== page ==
The C.R. 42 was developed from the well proven C.R. 32 by Celestino Rosateli, the FIAT engineer who also fathered the B.R.20 Cicogna bomber. The design was finalized on the 840hp FIAT A.74R engine and the first prototype took successfully the air on May 23rd, 1938. Entering in production one year later, the pilots enjoyed the highly manouvrable C.R.42, however its maximum speed (267mph) was more than 16% slower compared to the Hawker Hurricane prototype which had flown three years earlier.
It clearly marked the culmination of the line of attractive and successfull biplane fighters, but it was clear that its days were numbered and the Italian aircraft industry clearly failed to recognize this. Eventually the Regia Aeronautica ordered 1800 Falcos from 1939 till mid 1943, making it the most produced Italian fighter aircraft of the conflict; but which resulted in various production delays of much more modern designs like the Fiat G.50, Macchi MC.200 and 202. Falcos served best in their interceptor role over the Mediterranean but were also employed as escort fighters and fighter-bombers in North Africa and Italy.
Today's model features a Fiat C.R.42 of the 95a Squadriglia, 18o Gruppo, 56o Stormo CAI, based in Maldegen, Belgium, 1940. It formed part of the 50 Falcos which were sent (together with G.50s and B.R.20s) to Belgium as part of the Corpo Aereo Italiano, to take part on the Battle of Britain.
The first 18o Gruppo emblem displays three white arrows and the "Ocio che te copo!" quote meaning (Beware! I can kill you.)
LeoModels is a totaly new company in diecast aircraft, and so far, their models are only being distributed as part of the Aeronautica Militare collection released in Italy last year. Many interesting subjects (over 50) with scales that vary from 1/200 to 1/100. The Falco is in 1/72, just right for my BoB collection :)
First thing I noticed was the painting of the Italian mimetic colours: there is no spray-effect finish of the irregular spot pattern on the fuselage, not too surprised. However, looking at the actual aircraft photo, the brown/green pattern on the wings seems rather similar, which is good news. The undersurface should be in natural metal but a light grey has been used instead. Screw holes could have been hidden somehow; also the exhaust ports should be in black rather than brown and the main wing struts should be in a lighter grey.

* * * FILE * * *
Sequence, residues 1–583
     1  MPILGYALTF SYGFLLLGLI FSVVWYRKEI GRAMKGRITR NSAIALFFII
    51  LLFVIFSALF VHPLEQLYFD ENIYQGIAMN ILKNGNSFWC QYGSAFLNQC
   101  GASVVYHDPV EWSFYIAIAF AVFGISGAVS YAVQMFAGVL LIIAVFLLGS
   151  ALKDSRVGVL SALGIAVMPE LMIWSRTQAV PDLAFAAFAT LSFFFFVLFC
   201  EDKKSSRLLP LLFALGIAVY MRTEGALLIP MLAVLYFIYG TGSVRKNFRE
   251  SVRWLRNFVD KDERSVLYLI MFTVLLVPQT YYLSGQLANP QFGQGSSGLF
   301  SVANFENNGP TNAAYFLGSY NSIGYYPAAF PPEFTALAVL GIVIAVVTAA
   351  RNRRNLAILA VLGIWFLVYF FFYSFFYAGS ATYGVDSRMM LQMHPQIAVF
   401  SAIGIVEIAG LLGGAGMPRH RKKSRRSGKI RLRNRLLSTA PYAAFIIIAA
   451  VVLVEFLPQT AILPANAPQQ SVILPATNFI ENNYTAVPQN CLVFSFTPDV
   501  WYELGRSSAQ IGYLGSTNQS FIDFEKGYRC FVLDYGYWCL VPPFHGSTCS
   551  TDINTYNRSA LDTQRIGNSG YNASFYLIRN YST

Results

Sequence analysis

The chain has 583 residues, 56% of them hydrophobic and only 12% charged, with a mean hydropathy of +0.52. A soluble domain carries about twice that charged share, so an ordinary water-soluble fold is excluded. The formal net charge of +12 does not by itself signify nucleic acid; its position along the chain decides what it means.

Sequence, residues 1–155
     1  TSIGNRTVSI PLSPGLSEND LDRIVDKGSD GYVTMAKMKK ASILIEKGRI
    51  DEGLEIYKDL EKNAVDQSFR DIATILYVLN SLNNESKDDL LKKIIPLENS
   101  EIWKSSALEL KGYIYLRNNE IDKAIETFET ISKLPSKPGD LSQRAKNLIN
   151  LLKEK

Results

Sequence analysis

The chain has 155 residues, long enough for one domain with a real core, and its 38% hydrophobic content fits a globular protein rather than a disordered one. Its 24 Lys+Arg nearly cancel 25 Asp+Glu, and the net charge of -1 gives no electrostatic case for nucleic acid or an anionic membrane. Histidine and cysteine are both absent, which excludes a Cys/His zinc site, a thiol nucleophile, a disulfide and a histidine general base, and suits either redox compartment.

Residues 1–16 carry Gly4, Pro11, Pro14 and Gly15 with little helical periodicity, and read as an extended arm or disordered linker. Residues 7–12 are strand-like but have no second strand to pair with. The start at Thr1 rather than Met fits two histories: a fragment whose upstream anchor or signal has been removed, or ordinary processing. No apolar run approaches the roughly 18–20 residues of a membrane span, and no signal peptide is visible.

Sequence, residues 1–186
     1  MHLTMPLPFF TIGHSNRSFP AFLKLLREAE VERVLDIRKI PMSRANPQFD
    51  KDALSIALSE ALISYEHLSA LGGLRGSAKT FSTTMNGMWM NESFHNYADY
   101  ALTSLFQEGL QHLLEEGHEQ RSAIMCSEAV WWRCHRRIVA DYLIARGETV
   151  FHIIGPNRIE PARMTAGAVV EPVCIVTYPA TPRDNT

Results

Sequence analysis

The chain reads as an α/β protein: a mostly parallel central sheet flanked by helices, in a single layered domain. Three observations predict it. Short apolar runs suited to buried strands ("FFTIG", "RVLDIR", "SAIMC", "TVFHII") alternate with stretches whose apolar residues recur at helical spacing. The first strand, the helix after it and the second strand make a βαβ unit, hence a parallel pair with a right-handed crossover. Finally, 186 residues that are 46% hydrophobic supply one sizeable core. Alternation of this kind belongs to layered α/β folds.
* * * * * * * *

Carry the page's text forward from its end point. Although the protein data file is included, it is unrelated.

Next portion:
Markings are well done and nothing seems to be missing or misplaced. The Casa regnante dei Savoia emblem is visible, as well as the tiny serial numbers stencils on the fuselage. The minor wing struts are missing, however there are pitot tubes and aileron cables on the wings. Cockpit: Difficult to photograph but the windshield looks good and inside there are gunsight, seat and control bar.
Overall this is much better quality compared to the IXO italian fighters I have allready, and I really hope LeoModels will consider more 1/72 scale subjects in future.
Back to the real aircraft, below are three of the four remaining C.R.42 airframes in the world, with a complete static 4th example on display in Linköping, Sweden.
Swedish variant Swedish J 11 being restored to flying condition at Duxford and part of the Fighter Collection...photo taken in 2009, but aircraft hasn't seen much progress as of today.
..the Italian Air Force Museum Falco at Vigna di Valle, Rome.
(source: C.R. 42 Falco photographic reference manual by Italeri)
..and finally a couple of blurry shots taken in 2007, of the RAF Museum's Falco, which is a well known Battle of Britain warbird that crashed on a beach in Suffolk, in November 1940. It's also the subject of the model but which has been surprisingly restored with the wrong camouflage and markings.